Rio de Janeiro, Brazil
Statsraad Lehmkuhl visits Rio February 23-26 2022
Rio de Janeiro is probably Brazil's most famous city, but it is neither the capital nor the country's largest city. São Paulo with 11 million inhabitants is almost twice as big.
Rio is located in Guanabara Bay, with Parrot's Peak on the north side of the estuary, and Mount Sugar Loaf on the south side. There are over 130 islands in the bay, and in 1555 French colonists settled on one of them, 53 years after a Portuguese expedition sailed into the bay as the first Europeans.
Rio was established by the Portuguese in 1565, as a base for the expulsion of the French, which they succeeded to do two years later.
For the next 240 years, Rio was a shipping port for goods the Europeans carried home after the invasion of South America. But then, in 1808, the Portuguese royal family and nobility fled to the city, after Napoleon invaded Portugal. Rio took over as the capital of Portugal, and King João VI did not return to Lisbon until 1821.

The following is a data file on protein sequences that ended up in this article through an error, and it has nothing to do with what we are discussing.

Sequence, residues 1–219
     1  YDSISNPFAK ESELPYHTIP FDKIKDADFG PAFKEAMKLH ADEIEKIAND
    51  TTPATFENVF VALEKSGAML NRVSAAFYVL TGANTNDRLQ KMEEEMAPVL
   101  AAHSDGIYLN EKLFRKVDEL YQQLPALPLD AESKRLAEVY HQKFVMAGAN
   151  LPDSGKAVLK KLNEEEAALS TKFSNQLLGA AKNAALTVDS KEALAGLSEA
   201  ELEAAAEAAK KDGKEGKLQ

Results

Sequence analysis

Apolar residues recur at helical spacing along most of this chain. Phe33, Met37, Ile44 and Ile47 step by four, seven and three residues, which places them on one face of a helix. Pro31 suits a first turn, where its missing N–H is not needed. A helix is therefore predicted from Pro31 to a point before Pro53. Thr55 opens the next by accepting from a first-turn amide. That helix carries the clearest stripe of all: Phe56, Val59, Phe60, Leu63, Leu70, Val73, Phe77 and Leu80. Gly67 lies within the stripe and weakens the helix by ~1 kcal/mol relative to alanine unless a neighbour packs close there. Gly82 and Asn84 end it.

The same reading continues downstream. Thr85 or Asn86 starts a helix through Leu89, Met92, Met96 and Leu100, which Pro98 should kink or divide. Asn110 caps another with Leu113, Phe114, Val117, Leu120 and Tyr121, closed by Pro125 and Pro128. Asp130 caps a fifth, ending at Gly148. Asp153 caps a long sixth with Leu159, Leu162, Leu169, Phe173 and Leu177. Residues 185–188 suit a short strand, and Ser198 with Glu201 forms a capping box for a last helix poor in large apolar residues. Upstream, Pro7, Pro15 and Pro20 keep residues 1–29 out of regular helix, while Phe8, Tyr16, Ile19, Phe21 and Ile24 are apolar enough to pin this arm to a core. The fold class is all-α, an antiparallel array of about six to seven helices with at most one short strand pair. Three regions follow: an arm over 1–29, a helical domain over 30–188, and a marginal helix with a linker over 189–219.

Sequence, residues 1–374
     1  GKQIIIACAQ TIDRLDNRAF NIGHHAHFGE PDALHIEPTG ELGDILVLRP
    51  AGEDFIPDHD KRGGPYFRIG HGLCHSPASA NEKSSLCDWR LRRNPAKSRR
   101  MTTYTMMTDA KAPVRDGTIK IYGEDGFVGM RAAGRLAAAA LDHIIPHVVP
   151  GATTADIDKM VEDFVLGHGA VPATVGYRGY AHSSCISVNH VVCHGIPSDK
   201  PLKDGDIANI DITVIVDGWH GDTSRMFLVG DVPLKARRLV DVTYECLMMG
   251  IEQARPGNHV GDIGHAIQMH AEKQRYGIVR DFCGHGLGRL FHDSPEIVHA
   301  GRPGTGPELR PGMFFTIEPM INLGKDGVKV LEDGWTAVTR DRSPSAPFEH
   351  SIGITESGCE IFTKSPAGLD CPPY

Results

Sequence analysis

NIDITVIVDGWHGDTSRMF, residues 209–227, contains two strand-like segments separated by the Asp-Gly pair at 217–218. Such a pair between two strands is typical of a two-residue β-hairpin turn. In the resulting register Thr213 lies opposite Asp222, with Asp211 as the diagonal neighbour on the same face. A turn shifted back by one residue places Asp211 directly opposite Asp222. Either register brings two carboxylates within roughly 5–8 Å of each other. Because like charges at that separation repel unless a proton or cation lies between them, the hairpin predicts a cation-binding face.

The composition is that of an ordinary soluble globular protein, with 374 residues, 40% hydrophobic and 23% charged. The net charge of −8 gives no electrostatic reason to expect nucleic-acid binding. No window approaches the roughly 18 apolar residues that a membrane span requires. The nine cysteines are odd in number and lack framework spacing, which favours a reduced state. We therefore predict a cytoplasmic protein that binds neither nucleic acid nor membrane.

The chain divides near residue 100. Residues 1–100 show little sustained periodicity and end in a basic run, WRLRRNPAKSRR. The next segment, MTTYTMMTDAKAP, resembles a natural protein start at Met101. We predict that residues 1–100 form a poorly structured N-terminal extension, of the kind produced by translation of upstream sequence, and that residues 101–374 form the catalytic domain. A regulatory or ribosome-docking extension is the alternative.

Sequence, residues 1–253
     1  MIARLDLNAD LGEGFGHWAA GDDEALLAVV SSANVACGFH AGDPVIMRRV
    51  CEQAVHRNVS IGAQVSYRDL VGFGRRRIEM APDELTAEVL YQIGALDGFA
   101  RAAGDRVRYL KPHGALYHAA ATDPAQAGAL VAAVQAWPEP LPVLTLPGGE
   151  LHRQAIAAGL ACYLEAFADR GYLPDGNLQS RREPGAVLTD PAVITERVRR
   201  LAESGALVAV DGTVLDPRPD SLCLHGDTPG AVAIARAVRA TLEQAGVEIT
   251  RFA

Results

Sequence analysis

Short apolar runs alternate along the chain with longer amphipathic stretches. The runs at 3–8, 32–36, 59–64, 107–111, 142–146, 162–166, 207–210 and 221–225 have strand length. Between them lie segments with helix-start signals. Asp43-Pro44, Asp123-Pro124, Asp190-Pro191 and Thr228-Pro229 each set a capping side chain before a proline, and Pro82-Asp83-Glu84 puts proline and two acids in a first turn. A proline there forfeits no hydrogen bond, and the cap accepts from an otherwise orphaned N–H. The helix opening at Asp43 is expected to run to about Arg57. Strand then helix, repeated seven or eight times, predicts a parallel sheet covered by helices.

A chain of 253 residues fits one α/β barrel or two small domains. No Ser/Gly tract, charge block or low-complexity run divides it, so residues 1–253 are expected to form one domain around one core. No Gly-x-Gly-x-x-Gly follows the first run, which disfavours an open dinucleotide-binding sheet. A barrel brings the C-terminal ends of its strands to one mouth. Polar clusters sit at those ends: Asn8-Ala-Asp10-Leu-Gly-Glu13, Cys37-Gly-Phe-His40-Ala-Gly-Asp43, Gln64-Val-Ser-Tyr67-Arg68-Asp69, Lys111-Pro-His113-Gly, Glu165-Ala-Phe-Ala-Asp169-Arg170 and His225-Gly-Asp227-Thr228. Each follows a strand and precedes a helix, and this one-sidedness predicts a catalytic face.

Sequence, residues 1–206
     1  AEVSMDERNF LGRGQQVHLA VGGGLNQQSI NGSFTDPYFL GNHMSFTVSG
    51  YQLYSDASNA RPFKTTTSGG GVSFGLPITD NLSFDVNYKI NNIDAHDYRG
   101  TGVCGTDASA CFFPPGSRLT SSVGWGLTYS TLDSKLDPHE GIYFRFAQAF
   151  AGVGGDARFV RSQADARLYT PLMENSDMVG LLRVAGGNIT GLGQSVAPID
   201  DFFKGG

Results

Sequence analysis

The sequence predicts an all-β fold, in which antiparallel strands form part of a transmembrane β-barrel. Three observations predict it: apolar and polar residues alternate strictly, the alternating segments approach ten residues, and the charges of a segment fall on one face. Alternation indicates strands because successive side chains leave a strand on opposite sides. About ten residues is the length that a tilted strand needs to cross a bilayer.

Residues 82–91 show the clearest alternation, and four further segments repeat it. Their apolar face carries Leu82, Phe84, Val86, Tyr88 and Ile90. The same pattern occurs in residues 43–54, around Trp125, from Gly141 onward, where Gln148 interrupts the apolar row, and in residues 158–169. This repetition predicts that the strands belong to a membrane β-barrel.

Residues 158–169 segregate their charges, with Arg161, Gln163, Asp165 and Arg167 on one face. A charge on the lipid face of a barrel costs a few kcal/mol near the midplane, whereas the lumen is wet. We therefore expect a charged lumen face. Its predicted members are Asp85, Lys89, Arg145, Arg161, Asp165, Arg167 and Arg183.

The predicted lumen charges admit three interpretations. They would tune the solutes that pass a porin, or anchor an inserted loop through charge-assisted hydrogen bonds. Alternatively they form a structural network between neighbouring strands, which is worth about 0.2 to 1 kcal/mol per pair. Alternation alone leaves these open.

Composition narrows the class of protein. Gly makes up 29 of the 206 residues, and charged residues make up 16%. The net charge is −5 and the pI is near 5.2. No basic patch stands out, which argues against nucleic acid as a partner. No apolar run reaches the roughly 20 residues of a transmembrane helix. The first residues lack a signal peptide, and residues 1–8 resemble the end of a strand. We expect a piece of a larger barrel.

Brazil became independent in 1825, with Rio as its capital until 1960, when Brasília, built from scratch up in the highlands took over.
Today, Rio is one of South America's most important administrative, financial, commercial and cultural centers. Brazil has oil fields off the east coast, and several oil companies are based in the city.
Rio is located at the same latitude as the African savannas of Botswana, and has the same tropical climate. Between December and March it can rain heavily, and temperatures up to 40 degrees are not uncommon between September and January.
Normal maximum temperature in February: 30,2 ℃
Normal precipitation in February: 130 mm